Refugees in Greece are seeking asylum again – in Belgium

Athens: Increasing numbers of refugees are leaving Greece where the lack of an integration policy leaves them unable to find shelter and work. Belgium has emerged as a new destination, but the host country argues that asylum cannot be shifted from one country to another.

Edo is disenchanted with Greece. Despite holding refugee status since April 2021, the political refugee from Congo spent several years in Greece without the slightest hope of integrating. “I wanted to believe in it, but there was nothing for me there,” he said. “You are given a status but it’s only a piece of paper, you have no chance of integrating and finding work. The Greeks want us to leave.”
Edo left Greece by the end of 2021, and set down his suitcases in Belgium. “Did I have a choice? I knocked on many doors but I never found work. I looked for cleaning jobs, jobs as a garbage collector…I was rejected everywhere. I was told: ‘The work is for Greeks’. I experienced racism too. Some people made the sign of the cross when they would see me, as if I were the devil.”
Edo decided to leave to start afresh: he filed a new asylum claim in his second host country. “I knew it would be complicated,” he admitted. Edo first made a request to theOffice of the Commissioner General for Refugees and Stateless Persons (CGRA), but it was dismissed. He then filed an appeal to the Foreigners Litigation Council (CCE) and he is still waiting for the judge’s response. “I hope the Belgians will give me a new chance here,” he said.

Cases like Edo’s are not rare. “We have been seeing more and more cases from Greece and also Bulgaria,” said Armelle Philippe, a Belgian lawyer and specialist in foreigners’ law. “Just this morning [March 13, editor’s note] I received two new cases filed by refugees from Greece. Despite having valid papers, these are people who are homeless there, who were beaten by the Greek police, or were not treated despite serious pathologies.”
Since last December, the CCE was contacted four times for this type of case: each time, they involved refugees from Greece and Bulgaria. “The phenomenon is not new, but it seemed essential to us to ensure that the information on this issue was updated,” said Jean-Christophe Werenne, a judge at the CCE.

A recent press release acknowledged that the situation in Greece and in Bulgaria “can sometimes be problematic”, but upheld that asylum can’t be shifted from one country to another.

Two of the four files presented to the CCE were dismissed and the two others were “canceled”, meaning thy were sent to the CGRA.

Is not impossible in theory to submit a new asylum application. “Yet these are not simple cases to defend, we must be able to prove that the refugees are in a situation of extreme material deprivation,” said Mr. Phillipe. “It is extremely rare for Belgium to grant asylum to these people who already benefit from protection elsewhere.”
The CGRA explains the reason on its website: “It is automatically assumed that an asylum seeker who already received refugee status in another country of the European Union does not need protection in Belgium since all EU member countries must respect the European Convention on Human Rights which guarantees the fundamental social rights of refugees.”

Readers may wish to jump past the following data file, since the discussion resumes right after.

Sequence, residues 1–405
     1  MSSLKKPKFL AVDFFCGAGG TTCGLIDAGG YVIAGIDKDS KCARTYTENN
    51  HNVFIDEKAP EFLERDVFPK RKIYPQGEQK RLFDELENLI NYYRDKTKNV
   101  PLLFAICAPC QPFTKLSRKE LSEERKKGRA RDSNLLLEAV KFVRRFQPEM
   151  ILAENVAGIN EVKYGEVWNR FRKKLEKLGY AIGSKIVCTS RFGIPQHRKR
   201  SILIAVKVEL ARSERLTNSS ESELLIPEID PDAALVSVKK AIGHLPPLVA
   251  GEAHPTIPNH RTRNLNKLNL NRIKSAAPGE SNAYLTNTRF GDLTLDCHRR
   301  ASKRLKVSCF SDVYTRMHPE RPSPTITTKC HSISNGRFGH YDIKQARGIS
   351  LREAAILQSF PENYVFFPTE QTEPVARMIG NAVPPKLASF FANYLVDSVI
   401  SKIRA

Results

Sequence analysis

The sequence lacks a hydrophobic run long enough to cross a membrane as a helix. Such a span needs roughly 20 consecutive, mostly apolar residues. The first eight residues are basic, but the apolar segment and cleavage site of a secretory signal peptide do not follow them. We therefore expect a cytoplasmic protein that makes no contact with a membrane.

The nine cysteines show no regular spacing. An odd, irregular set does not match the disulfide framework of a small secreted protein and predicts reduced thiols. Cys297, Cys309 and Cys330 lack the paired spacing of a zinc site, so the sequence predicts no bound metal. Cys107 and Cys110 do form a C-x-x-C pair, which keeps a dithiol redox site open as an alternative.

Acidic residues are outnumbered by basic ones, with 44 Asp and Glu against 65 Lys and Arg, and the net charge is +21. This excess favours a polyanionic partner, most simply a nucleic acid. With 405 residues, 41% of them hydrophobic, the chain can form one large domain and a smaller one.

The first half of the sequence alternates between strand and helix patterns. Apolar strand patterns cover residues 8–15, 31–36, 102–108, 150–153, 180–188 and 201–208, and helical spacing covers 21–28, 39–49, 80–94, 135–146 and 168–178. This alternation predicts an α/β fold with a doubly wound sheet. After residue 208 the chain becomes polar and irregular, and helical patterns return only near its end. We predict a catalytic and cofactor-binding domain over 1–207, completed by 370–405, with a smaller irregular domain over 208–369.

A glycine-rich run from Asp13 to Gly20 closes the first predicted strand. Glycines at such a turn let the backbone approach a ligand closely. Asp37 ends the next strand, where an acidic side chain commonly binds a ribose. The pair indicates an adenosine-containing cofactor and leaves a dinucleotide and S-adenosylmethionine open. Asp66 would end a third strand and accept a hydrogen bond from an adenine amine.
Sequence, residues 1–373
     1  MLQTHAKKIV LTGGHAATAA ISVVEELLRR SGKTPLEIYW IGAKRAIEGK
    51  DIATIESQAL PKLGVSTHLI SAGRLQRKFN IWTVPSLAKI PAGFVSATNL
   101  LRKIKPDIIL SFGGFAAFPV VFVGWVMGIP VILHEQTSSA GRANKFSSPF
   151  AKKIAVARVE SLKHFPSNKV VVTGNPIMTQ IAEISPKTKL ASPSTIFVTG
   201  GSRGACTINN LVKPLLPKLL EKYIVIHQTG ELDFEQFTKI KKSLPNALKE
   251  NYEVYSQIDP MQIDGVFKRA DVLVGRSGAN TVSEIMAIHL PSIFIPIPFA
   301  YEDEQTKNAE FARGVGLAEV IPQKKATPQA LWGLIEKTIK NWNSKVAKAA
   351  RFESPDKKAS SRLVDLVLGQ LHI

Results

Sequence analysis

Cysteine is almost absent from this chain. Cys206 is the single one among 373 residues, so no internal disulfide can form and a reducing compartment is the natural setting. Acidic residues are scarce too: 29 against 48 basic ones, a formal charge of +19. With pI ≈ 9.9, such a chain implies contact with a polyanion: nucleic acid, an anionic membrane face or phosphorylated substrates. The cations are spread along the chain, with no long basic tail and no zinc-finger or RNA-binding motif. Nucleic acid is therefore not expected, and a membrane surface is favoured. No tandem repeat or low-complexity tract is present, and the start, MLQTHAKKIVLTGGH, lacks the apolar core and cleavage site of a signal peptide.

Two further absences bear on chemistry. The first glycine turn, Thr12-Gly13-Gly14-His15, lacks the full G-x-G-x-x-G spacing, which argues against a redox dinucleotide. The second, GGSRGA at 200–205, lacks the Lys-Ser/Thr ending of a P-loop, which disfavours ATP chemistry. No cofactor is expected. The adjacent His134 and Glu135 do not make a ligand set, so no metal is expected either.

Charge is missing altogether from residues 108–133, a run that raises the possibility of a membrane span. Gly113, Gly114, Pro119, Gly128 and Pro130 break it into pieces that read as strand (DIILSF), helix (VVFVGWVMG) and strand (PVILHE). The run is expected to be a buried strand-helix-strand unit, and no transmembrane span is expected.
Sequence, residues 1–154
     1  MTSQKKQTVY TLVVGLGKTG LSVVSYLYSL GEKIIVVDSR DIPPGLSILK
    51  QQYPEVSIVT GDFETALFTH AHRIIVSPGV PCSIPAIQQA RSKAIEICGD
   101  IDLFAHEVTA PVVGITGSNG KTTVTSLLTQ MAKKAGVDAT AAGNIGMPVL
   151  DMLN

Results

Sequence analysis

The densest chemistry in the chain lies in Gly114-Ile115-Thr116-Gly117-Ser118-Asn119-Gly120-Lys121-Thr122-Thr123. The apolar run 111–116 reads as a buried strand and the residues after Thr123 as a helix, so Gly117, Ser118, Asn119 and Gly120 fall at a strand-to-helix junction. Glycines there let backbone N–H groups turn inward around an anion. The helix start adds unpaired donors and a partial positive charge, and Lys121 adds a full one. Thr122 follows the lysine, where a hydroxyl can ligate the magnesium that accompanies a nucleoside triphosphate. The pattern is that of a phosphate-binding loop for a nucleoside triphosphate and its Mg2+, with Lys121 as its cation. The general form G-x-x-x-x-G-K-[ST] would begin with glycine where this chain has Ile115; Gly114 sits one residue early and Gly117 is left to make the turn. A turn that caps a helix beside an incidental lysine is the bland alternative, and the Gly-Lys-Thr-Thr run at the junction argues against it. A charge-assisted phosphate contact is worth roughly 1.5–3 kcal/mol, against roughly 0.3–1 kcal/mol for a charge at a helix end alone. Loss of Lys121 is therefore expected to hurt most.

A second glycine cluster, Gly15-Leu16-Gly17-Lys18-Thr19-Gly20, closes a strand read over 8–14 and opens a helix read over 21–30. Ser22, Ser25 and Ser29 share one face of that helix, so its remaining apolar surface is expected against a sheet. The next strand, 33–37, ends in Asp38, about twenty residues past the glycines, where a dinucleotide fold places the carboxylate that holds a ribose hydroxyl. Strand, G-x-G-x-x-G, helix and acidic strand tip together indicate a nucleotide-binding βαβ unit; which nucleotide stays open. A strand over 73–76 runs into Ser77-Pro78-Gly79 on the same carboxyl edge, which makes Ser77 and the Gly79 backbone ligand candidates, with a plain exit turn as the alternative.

“There is also the notion of mutual trust between member states,” explained a member of CIRÉ, a Belgian association for the defense of foreigners. “It’s very complicated to disavow another member state, it would be like saying, ‘Greece is failing, it doesn’t know how to protect its citizens, we will grant you asylum in Belgium’. All this can create diplomatic tensions.”
Yet certain files obtain a positive response. “[Despite the trust between Member States] during his hearing, an asylum seeker can provide evidence to prove that he can no longer benefit from the protection granted by another EU country,” wrote the CGRS.

Edo is counting on this aspect to defend his case. “I am not protected by Greece since despite my refugee status, this country has not helped me find a roof over my head, find a job or even give me financial aid. Instead, they treat me like (I’m) nothing.”
Many refugees have for years been unable to build their lives due to a lack of integration policy in Greece. They receive practically no aid from the state. An exception is the Helios program, set up in collaboration with the International Organization for Migration (IOM), but very few statutory refugees access it. In addition, only people who were granted asylum after 2018 or living in state-provided housing are eligible.

The same problem exists with ESTIA, the important Greek refugee housing program. Funded by the European Union, it had more than 20,000 housing units but ended definitively in 2022. The Greek Ministry of Immigration in 2023 announced that it would not renew the program, despite the European Commission’s commitment to continue funding until 2027.

Belgium is not the only country concerned by these “double asylum” cases. France, Germany, Luxembourg, the Netherlands and Switzerland were also alarmed by the “considerable” number of refugees from Greece submitting new asylum requests. In June 2021, they even informed the European Commission.